Last Words as Famous Lives Ended

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Before death and Clayton, OH cremations, have you ever thought about what your last words will be? Have you thought about what you would like your last words to be? Are you saving your final last words for your memorial service or a letter to be opened and read after your death?

It’s an interesting thing to think about because unless we spell out what we want said or read at our memorial services or we write the letters in the envelopes marked “To Be Opened After My Death,” our last words will be the last ones we speak before we die. Last words mean something and it may be years before our families, if they hear them, figure out what they meant.

The elderly woman, who as a young woman was a nursing student who was cut from the program because of a hearing loss (and it ended up being a huge blessing in the long run), spoke her last words: “Now they’re going to throw me out.” Her daughter rushed to reassure her that she was home, she was loved, and nobody was throwing her out. The elderly woman closed her eyes, never reopening them again before she died two days later.

Months later, the daughter was going through her mother’s writing and correspondence and she suddenly realized that her mother was back at nursing school, which had been some sixty-odd years before, and not in the present when she spoke her last words.

Famous people are no different.

When entertainer and actor Bob Hope, who died at age 100, was asked by his wife, Dolores, where he wanted to be buried, he answered, “Surprise me.” Hope died a short time later.

Glenn Miller, one of the great and most popular big-band leaders, also served as a major in the Army in World War II. On December 15, 1944, Miller boarded a military plane in Bedfordshire, England to go to France to entertain troops who were on leave there. The plane disappeared over the English Channel (it is now suspected that the fuel lines froze, stopping the engine, and plunging the plane into the icy Channel, causing the plane to disintegrate on impact, and killing everyone onboard instantly). Miller’s last recorded words were spoken to Colonel Don Baesell as Miller boarded the plane: “Where the hell are the parachutes?”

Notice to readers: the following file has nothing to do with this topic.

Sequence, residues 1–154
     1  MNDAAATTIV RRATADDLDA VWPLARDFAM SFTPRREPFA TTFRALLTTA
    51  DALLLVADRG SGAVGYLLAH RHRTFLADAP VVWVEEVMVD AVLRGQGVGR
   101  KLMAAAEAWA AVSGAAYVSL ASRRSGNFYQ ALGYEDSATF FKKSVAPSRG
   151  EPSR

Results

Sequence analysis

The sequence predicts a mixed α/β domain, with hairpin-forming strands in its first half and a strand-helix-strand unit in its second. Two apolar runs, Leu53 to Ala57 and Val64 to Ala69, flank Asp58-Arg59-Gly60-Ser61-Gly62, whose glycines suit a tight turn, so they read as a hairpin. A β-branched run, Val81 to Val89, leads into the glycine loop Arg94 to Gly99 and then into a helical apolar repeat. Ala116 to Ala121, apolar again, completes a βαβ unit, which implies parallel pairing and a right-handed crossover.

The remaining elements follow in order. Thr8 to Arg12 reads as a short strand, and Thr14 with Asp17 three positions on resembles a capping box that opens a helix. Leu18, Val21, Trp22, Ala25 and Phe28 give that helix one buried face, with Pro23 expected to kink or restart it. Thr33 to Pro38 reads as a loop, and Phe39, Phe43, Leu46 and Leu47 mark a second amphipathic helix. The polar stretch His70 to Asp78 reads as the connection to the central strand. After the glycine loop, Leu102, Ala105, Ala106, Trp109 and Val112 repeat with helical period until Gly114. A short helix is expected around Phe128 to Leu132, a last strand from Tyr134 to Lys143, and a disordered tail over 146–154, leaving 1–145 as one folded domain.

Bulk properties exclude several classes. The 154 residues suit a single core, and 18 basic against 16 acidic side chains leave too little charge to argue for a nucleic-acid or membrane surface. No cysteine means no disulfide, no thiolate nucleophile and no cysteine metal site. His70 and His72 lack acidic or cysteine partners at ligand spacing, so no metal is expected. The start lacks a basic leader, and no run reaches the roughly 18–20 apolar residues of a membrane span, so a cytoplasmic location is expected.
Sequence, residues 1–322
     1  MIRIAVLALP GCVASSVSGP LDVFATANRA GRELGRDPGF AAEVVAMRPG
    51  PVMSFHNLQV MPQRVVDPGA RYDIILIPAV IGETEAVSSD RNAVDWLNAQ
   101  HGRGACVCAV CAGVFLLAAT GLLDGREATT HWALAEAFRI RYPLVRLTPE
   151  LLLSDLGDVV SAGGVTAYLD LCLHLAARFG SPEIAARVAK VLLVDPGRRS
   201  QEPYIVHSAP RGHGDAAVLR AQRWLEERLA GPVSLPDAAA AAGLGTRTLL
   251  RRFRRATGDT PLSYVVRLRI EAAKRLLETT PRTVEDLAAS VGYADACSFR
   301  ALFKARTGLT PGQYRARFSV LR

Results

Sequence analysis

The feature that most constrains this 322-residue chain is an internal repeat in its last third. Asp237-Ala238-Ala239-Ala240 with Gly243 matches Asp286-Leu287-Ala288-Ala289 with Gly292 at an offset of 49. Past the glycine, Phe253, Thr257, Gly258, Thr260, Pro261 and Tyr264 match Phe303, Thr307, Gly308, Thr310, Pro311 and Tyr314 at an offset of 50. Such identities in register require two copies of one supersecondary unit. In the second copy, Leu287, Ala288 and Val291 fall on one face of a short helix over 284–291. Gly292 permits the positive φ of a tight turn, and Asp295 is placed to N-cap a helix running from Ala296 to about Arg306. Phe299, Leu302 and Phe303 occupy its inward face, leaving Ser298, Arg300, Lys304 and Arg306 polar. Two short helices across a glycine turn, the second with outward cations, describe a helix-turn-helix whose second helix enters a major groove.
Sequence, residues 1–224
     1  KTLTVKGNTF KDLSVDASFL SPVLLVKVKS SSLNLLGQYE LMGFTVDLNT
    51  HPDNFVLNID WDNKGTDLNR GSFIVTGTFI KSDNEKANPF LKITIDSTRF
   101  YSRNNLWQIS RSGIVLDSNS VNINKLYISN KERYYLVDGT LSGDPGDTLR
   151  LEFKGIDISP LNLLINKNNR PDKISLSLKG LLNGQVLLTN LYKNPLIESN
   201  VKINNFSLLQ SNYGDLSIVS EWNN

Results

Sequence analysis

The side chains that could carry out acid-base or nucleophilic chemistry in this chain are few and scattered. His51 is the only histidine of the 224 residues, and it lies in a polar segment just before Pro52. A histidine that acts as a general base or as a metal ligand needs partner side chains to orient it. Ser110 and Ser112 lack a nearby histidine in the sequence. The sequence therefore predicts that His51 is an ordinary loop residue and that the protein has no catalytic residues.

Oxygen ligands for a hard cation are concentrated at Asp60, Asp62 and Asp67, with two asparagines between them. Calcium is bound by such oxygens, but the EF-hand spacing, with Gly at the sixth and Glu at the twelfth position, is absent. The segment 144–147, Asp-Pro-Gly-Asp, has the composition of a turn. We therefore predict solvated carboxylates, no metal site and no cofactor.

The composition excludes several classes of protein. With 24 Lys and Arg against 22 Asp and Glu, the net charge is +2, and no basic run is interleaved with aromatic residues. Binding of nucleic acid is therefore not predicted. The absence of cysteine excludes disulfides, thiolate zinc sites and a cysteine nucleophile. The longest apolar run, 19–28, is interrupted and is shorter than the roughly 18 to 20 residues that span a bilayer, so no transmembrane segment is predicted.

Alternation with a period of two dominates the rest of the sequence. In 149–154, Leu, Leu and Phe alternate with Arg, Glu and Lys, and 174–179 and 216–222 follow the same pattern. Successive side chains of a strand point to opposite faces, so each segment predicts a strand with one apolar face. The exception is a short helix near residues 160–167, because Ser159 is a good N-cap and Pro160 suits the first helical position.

Alfred Hitchcock, the Master of Suspense in film and television, died in April, 1980. His last words were: “One never knows the ending. One has to die to know exactly what happens after death, although Catholics have their hopes.” His funeral mass was said at the Good Shepherd Catholic Church in Los Angeles.

Rod Serling, the creator of The Twilight Zone, died from cardiac arrest at the age of 50 in 1975. His last spoken words were: “That’s what I anticipate death will be: a totally unconscious void in which you float through eternity with no particular consciousness about anything.”

When Sir Arthur Conan Doyle, the creator of the Sherlock Holmes stories, died in 1930 at the age of 71, he was in his garden. He turned to look at his wife. His last words were: “You are wonderful.” Then he clutched his chest and died from a massive heart attack.

If you want to learn more about Clayton, OH cremations, our compassionate and experienced staff at Glickler Funeral Home & Cremation Service can help. You can come by our funeral home at 1849 Salem Ave., Dayton, OH 45406, or you can contact us today at (937) 278-4287. Discover more about our compassionate funeral and cremation services by visiting us on the web. Our website is here to guide you through this challenging time, providing the support and information you need to honor your loved ones with dignity and care.

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